Fleetwood born Government mogul awarded CBE in Queen's Birthday Honours

A top civil servant who grew up in Fleetwood has been awarded a CBE for public service in her role as a boss at the Department of Health and Social Care.

Thursday, 17th June 2021, 4:55 am
Updated Friday, 18th June 2021, 10:40 am

Emma Reed, 48, grew up in Fleetwood and Cleveleys as a child and attended Greenlands High School for Girls in Bispham, before studying politics at Liverpool University.

She began her career in the civil service after graduation, working in Liverpool and Manchester before moving to London 15 years ago to work on various policies.

Emma went on to take the reins in key campaigns in Government, including the legalisation of same-sex marriage in 2014, and the introduction of the Government's soft drinks industry levy, or "sugar tax," in a bid to tackle rising problems with childhood obesity in 2016.

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Emma Reed, born in Fleetwood but now living in London, has been awarded a CBE in the Queen's Birthday Honours for her service to public health during the Covid pandemic. Photo: Emma Reed
Emma Reed, born in Fleetwood but now living in London, has been awarded a CBE in the Queen's Birthday Honours for her service to public health during the Covid pandemic. Photo: Emma Reed

When it was implemented two years later, the sugar tax had already resulted in over 50 per cent of manufacturers reducing the sugar content of drinks - the equivalent of 45 million kg of sugar every year.

Ms Reed described her work on the legalisation of same-sex marriage as one of the "biggest highlights of [her] career."

Last week, she was awarded a CBE, the highest ranking Order of the British Empire award, for public service - particularly during the pandemic - in her role as director of Emergency Preparedness and Health Protection at the Department of Health and Social Care

Emma said: "For the last three years I've been the head of crisis management and emergency response at the Department of Health, so that's included working on things like the Novichok Salisbury incident, and other crises or emergencies happening since then.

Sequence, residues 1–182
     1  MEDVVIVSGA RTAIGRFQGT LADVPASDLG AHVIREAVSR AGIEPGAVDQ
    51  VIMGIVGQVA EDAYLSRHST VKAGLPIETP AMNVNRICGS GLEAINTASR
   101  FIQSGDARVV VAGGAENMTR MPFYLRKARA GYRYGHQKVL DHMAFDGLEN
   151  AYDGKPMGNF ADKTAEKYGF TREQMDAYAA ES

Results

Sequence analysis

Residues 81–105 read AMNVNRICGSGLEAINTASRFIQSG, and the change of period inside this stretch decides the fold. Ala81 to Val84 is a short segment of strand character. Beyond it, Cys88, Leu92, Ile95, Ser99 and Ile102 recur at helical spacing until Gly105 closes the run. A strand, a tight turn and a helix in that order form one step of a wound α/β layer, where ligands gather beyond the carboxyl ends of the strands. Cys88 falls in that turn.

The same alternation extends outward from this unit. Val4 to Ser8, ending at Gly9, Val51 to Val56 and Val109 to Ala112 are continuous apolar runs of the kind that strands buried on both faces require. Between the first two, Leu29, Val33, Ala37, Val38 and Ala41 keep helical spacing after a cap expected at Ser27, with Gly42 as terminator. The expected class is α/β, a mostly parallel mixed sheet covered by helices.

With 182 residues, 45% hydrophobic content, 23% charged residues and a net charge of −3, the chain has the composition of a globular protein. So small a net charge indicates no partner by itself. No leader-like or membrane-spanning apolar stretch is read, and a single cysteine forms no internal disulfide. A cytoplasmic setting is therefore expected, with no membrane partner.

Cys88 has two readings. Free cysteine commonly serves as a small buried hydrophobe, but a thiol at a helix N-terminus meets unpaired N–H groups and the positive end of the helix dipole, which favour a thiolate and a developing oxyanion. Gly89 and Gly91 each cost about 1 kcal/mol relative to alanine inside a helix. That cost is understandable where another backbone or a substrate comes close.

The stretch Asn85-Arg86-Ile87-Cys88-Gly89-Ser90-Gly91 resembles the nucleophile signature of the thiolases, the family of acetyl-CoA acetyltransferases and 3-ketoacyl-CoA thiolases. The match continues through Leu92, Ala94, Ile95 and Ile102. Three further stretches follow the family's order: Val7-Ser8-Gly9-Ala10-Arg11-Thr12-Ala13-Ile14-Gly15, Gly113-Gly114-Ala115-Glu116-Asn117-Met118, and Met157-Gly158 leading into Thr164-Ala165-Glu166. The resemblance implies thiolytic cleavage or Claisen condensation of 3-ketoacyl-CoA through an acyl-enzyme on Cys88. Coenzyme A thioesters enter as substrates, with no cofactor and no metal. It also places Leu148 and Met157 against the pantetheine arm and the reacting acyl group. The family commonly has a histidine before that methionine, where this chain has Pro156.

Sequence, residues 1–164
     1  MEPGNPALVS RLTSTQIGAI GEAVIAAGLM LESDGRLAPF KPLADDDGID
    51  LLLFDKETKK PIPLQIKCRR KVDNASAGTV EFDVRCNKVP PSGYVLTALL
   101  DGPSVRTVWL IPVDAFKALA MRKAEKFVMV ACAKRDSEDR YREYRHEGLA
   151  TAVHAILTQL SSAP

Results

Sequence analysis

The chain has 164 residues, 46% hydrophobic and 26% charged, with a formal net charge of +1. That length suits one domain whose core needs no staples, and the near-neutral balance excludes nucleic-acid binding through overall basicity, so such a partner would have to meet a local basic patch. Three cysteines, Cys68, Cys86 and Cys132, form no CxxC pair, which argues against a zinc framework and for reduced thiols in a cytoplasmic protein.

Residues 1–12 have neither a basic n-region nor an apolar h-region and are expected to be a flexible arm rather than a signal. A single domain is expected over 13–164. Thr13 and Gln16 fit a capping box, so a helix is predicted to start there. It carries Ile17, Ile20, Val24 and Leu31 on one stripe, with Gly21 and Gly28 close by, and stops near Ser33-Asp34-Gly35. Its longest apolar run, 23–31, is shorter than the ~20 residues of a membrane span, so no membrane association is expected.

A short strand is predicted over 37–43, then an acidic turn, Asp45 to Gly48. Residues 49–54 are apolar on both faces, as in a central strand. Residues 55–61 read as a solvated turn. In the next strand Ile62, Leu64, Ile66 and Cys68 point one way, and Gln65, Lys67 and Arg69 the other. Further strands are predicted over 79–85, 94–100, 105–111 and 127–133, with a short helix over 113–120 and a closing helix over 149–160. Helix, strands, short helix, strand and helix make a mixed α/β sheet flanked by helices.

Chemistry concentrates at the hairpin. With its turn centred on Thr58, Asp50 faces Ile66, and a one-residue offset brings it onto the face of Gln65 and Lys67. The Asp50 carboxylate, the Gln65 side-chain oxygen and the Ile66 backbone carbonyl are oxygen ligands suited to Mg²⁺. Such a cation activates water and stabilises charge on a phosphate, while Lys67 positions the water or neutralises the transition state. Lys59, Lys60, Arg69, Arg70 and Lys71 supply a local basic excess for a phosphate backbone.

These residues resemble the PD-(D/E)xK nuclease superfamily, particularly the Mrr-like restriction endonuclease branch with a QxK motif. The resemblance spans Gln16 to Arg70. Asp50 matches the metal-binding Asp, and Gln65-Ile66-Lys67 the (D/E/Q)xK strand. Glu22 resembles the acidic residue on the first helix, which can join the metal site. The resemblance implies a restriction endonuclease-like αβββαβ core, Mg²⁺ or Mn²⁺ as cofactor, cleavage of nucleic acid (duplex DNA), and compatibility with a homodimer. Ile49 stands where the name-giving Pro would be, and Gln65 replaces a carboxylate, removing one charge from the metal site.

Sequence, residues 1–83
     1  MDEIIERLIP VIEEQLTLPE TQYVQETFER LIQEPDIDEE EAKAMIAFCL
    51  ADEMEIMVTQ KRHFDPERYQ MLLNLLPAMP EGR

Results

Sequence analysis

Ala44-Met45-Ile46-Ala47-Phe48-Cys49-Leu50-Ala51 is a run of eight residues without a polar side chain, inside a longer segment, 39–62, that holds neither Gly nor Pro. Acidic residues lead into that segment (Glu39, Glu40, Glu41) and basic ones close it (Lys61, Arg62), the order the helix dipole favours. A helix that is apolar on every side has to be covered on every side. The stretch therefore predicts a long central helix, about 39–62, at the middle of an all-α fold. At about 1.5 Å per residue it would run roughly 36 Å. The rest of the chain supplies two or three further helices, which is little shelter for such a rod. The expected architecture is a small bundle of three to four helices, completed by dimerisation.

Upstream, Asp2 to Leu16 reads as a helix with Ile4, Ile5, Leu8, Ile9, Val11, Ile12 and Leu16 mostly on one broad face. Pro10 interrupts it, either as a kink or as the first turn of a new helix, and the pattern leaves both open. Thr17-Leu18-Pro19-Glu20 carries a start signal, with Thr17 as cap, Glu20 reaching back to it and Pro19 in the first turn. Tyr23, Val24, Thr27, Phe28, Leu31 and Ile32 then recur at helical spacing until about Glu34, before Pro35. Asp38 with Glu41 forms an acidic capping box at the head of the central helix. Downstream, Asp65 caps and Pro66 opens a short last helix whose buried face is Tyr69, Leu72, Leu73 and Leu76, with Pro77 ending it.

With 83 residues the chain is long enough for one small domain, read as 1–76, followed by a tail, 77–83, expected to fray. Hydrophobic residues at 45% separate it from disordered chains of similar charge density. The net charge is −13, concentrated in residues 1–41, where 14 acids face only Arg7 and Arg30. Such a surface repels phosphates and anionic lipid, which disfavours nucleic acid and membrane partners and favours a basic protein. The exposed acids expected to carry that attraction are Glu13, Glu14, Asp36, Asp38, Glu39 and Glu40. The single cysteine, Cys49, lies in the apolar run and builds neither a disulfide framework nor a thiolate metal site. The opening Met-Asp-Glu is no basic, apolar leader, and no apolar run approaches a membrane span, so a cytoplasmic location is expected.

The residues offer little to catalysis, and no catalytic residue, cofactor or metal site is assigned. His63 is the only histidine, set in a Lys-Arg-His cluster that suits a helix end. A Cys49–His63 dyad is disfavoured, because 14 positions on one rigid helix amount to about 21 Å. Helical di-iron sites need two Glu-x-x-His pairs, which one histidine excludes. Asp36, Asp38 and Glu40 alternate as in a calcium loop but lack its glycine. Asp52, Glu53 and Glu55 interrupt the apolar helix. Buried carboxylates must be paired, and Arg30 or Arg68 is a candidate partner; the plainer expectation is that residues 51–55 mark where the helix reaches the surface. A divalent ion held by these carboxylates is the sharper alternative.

"The last 18 months I've been majoring on the incident response of the Covid pandemic, and led the work on the repatriation of British nationals overseas.

"I consider myself a proud Sandgrownun, and I think the award has reminded me how very fortunate I am to be able to work with a tremendous workforce who do extraordinary things to keep people safe and well."

Emma said she shared the joy of receiving her CBE with her family, who still live in St Anne's, and was looking forward to experiencing the momentous occasion of meeting the Queen with her mum.

"I'm hugely thrilled and incredibly overwhelmed by it all, it's been quite an unexpected surprise," she continued.

"I'm so proud, and I'm really proud to be able to share it with my family too and take my mum along with me to the palace. It's so nice to be able to achieve something to make your family proud.

"There are a lot of people who don't get this honour but have been absolutely fantastic, and I want to pay my respects to every single NHS staff member and all the people working in health and social care, who have had the most difficult year.

"When I get my moment at the palace, I'll be thinking of all those people who have done such an astounding job."

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